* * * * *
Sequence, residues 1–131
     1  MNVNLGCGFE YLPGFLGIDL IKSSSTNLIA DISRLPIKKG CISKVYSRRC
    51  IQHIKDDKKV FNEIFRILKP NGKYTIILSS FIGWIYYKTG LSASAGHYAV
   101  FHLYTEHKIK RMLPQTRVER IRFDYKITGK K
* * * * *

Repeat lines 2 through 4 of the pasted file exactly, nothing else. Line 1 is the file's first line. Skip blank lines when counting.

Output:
     1  MNVNLGCGFE YLPGFLGIDL IKSSSTNLIA DISRLPIKKG CISKVYSRRC
    51  IQHIKDDKKV FNEIFRILKP NGKYTIILSS FIGWIYYKTG LSASAGHYAV
   101  FHLYTEHKIK RMLPQTRVER IRFDYKITGK K